Some of the reaction to the proposals contained in the 400-page report to the Scottish Government published yesterday by Lord Carloway, which critically examined aspects of our court procedures which have their origins in practice dating back centuries, appeared to reflect such attitudes.
Lord Carloway was charged with taking a dispassionate look at Scots law after the Supreme Court’s judgment in Cadder case last year found it was not compliant with the European Convention of Human Rights. Given this lack of compliance with what has become our ultimate legal jurisdiction, that of Europe, it is not surprising Lord Carloway has recommended substantial change.
The most radical proposal, and the one which attracted the most comment, was his call for the requirement for corroboration in evidence, a Scots legal concept which has been applied for hundreds of years, to be abolished. Human rights lawyers immediately argued that by ending the need for two pieces of evidence, the likelihood of an injustice was increased. Others, notably campaigners for more convictions in rape cases, where corroboration is difficult, welcomed the call.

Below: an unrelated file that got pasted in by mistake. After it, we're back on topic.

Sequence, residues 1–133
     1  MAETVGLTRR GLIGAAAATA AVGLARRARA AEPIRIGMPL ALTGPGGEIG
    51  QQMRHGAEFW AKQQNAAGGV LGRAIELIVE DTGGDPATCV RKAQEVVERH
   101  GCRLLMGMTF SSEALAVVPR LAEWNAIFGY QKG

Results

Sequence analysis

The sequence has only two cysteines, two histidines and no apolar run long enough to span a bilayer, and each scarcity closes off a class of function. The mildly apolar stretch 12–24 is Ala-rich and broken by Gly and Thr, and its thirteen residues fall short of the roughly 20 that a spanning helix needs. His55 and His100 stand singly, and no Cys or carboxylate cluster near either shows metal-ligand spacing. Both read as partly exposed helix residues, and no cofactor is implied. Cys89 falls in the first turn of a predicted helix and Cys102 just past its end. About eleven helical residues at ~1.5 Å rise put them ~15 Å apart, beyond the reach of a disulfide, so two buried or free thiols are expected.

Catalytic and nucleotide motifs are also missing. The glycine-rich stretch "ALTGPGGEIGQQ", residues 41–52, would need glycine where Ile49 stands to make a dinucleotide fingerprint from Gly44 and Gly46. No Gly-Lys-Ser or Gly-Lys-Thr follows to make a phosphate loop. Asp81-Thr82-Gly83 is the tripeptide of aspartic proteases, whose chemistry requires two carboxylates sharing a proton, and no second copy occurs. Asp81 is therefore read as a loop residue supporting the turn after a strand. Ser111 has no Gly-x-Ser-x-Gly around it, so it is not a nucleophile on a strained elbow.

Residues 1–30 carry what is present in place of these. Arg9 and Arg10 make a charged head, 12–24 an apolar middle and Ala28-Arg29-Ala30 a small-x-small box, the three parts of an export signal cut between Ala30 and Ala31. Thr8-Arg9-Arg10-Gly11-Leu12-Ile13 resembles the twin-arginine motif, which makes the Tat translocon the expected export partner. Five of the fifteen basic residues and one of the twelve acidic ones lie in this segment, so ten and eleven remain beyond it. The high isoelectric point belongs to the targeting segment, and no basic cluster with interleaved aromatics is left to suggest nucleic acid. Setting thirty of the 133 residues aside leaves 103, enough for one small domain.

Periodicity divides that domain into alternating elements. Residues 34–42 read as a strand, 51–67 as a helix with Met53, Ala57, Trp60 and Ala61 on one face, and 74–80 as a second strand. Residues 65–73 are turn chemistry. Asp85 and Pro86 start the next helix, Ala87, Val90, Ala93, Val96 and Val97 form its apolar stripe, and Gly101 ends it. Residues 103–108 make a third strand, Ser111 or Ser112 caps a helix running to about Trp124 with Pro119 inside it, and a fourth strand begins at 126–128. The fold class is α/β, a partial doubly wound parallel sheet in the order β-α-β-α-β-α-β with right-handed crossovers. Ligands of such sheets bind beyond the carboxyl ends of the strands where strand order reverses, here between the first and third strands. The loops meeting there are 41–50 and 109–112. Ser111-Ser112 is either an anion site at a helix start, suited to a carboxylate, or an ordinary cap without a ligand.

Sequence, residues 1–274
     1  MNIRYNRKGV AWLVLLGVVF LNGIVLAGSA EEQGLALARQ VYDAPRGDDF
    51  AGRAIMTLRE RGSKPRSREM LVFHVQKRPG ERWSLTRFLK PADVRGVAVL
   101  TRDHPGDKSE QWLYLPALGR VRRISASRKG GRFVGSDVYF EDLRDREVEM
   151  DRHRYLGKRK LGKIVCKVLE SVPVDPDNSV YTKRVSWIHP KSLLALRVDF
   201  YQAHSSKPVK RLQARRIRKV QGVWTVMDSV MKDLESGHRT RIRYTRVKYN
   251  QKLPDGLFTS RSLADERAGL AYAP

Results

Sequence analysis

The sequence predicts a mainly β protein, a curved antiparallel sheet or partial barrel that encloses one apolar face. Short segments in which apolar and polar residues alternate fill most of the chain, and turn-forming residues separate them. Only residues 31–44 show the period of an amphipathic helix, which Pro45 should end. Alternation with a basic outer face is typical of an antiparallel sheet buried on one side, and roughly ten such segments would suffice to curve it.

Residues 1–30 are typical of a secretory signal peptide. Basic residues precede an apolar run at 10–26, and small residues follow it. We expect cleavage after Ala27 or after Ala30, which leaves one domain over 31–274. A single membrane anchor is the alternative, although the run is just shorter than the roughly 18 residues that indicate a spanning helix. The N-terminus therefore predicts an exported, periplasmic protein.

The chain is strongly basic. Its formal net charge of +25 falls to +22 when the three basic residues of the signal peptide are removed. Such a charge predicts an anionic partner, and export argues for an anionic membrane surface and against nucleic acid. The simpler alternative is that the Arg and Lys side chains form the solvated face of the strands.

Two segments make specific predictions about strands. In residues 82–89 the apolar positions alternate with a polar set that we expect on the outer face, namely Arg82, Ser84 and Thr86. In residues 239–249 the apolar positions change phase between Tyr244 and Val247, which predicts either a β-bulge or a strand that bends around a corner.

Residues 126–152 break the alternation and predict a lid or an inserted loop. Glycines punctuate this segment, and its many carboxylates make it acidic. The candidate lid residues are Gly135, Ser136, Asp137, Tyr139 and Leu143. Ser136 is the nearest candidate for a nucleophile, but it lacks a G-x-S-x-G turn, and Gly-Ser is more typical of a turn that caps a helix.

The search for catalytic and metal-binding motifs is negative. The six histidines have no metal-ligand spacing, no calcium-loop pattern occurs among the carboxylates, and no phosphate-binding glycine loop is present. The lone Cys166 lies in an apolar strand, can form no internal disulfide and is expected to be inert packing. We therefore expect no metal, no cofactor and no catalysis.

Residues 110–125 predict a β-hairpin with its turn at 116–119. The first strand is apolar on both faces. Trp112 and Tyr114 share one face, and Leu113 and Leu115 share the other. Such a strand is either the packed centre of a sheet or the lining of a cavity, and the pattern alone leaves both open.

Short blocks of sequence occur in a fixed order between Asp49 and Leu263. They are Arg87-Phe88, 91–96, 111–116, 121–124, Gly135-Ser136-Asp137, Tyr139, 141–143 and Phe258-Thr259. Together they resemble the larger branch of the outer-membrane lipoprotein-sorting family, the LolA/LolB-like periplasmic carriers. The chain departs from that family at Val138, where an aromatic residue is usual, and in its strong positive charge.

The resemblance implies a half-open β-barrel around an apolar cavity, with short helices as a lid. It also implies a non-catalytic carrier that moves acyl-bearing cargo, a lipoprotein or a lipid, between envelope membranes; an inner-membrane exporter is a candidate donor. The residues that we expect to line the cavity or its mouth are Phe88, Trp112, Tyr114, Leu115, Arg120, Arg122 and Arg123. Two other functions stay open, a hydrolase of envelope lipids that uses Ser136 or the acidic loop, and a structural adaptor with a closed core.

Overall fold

While the objections have some resonance, it would pay those opposed to this change to study Lord Carloway’s reasoning. He argued the requirement for two sources of incriminating evidence was “archaic”, saying it had “no place in a modern legal system”; he called for greater emphasis on quality of evidence, rather than quantity, and for greater trust in juries and judges. Looked at rationally, it is hard to disagree with this conclusion, provided that convictions are, indeed, based on a better quality of evidence, something which is not always the case in our courts.
Beyond corroboration, many of Lord Carloway’s recommendations accept the European legal realities. So a new, more straightforward “arrest on suspicion of” status for all suspects taken to the police station, which would also give them immediate access to a solicitor whether they are to be questioned by police or not, is inevitable and, on balance, just.
Other recommendations, including the retention of no adverse inference being drawn from a suspect remaining silent during police interview; greater safeguards for questioning under-18s and vulnerable adults; and speeding up and simplifying the appeals process, all make sense if our legal system is to adapt and change. It now falls to the Scottish Government to legislate based on this report. It should do so in a way which allows the best of our tradition to be retained while ensuring the Scots legal system does not ossify.